I sort of feel bad for giving this two stars, but it lacked substance.  That being said, it is definitely written for teens, and about a really tough topic, so I can see why the author didn't dig too deep. I may have preferred this book when I was in high school, but definitely not as a twenty-six year old.

44. I Am Watching You by Teresa Driscoll (3.5/5 ★)

When Ella Longfield overhears two attractive young men flirting with teenage girls on a train, she thinks nothing of it—until she realises they are fresh out of prison and her maternal instinct is put on high alert. But just as she’s decided to call for help, something stops her. The next day, she wakes up to the news that one of the girls—beautiful, green-eyed Anna Ballard—has disappeared.
A year later, Anna is still missing. Ella is wracked with guilt over what she failed to do, and she’s not the only one who can’t forget. Someone is sending her threatening letters—letters that make her fear for her life.
Then an anniversary appeal reveals that Anna’s friends and family might have something to hide. Anna’s best friend, Sarah, hasn’t been telling the whole truth about what really happened that night—and her parents have been keeping secrets of their own. Someone knows where Anna is—and they’re not telling. But they are watching Ella
It’s always hard for me to listen to audiobooks when they’re read in a non-Midwest accent, and this one was no different. Since the story was set in England, it made sense that the narrator had a British accent, but it was so distracting to me. It took me awhile to get into the story (perhaps because of the accent thing) and it wasn't incredibly suspenseful, but it was a good story with an unexpected ending. I Am Watching You is available for free with Kindle Unlimited and has an audiobook option.

45. Pretty Little Killers by Rita Herron (4/5 ★)

Still haunted by his wife’s murder—and stained by the blood of avenging it—FBI special agent Hatcher McGee can’t believe he’s being teamed up with rookie agent Korine Davenport. She is his most guilty secret—the one-night stand who almost cost him everything.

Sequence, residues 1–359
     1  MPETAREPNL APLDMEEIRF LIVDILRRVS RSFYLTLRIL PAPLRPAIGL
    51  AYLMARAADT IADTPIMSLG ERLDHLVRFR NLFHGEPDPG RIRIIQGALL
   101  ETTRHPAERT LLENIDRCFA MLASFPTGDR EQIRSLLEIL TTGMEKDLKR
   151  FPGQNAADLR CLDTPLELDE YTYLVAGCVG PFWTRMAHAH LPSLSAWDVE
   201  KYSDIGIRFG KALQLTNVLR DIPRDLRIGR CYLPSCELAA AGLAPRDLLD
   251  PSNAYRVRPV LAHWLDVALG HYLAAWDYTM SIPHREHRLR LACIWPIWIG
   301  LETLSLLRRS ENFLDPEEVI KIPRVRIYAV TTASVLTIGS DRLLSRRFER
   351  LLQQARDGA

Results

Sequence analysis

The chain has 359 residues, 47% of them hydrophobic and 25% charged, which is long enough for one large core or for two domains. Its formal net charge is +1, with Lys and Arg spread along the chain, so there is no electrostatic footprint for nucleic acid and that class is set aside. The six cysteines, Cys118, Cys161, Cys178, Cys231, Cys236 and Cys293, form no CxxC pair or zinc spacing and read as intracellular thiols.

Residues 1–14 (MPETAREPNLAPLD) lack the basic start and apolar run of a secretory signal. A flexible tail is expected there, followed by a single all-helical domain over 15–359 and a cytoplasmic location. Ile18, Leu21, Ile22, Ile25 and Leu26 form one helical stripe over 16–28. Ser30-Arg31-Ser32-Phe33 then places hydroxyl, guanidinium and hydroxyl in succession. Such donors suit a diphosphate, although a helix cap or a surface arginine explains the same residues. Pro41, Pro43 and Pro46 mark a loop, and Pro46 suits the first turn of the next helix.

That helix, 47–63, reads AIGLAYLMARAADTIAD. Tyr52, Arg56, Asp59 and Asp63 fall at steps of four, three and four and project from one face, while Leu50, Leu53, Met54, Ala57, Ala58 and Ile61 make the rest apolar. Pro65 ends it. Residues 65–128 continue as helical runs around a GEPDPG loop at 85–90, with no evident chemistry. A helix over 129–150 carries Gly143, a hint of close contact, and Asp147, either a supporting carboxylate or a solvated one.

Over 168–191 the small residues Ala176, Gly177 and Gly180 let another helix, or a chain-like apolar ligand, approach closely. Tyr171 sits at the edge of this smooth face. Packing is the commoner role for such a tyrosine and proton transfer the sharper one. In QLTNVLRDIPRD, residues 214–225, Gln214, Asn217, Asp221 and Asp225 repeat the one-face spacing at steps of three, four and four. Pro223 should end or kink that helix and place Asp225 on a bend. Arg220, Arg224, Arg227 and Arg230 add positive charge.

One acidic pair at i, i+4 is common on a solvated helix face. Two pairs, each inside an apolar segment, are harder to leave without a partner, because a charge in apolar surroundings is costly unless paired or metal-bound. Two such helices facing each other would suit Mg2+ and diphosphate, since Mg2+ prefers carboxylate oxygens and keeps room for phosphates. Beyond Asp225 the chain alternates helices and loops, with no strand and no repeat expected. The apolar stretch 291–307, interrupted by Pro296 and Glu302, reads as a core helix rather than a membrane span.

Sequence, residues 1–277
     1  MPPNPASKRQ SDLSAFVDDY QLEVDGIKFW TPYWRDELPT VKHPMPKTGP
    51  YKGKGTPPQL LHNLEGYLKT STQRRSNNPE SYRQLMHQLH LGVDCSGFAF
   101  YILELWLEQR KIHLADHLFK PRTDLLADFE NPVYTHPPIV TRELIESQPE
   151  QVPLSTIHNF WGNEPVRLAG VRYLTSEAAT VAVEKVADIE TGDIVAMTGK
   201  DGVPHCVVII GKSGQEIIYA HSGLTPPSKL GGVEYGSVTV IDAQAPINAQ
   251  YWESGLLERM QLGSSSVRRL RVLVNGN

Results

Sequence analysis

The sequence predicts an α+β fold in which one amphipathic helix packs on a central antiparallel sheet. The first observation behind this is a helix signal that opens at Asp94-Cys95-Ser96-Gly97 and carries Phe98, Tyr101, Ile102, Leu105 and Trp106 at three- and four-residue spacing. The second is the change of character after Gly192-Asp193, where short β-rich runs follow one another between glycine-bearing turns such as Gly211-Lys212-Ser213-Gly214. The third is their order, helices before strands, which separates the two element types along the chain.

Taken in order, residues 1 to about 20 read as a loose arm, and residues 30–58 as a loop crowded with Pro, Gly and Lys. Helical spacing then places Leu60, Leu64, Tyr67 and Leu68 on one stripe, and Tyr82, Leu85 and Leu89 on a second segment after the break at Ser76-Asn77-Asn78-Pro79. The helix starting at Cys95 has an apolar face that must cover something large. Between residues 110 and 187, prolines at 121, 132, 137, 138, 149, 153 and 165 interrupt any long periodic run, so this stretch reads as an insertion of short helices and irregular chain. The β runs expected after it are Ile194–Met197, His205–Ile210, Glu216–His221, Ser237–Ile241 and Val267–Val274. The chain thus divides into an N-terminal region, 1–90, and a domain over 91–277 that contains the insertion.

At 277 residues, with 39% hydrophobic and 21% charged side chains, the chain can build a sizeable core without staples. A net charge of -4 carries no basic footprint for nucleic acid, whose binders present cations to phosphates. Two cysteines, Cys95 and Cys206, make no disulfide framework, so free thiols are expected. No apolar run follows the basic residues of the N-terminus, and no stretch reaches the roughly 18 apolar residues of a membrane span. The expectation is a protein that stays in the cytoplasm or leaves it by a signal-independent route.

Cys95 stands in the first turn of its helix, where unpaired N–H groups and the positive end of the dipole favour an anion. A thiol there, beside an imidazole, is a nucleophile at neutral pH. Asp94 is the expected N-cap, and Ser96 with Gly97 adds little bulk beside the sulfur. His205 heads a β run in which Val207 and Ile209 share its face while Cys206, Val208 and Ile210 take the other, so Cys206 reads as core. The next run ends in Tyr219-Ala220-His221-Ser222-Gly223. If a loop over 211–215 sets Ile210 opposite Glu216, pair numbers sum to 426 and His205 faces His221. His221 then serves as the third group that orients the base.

Korine has her own demons. As a child, she witnessed her father’s murder, and she’s spent her life waiting for the killer’s return. She and Hatcher are both looking for closure, but the disturbing case that draws them together could be their last.
When the mutilated body of a corrupt Savannah judge surfaces, Hatcher and Korine find themselves on the trail of a vigilante who is showing no mercy. Not for the predators who’ve gone free. And not for anyone who gets in the way.
As the body count rises, and as Hatcher’s and Korine’s own pasts unfold, they must risk their lives tracking a killer they’ve come to understand all too well. After all, the ends justify the means.

At the beginning, I was disappointed in this story as an audiobook because the narrator was an incredibly monotonous reader. Her narration did improve as the story went on, however.  I liked this story as a mystery, but there were two very graphic sexual encounters that seriously did not fit in the story. It felt like the author tried to make this a romance mystery, but didn't know how to smoothly incorporate the romance.  This book is available for free with kindle unlimited and comes with an audiobook option.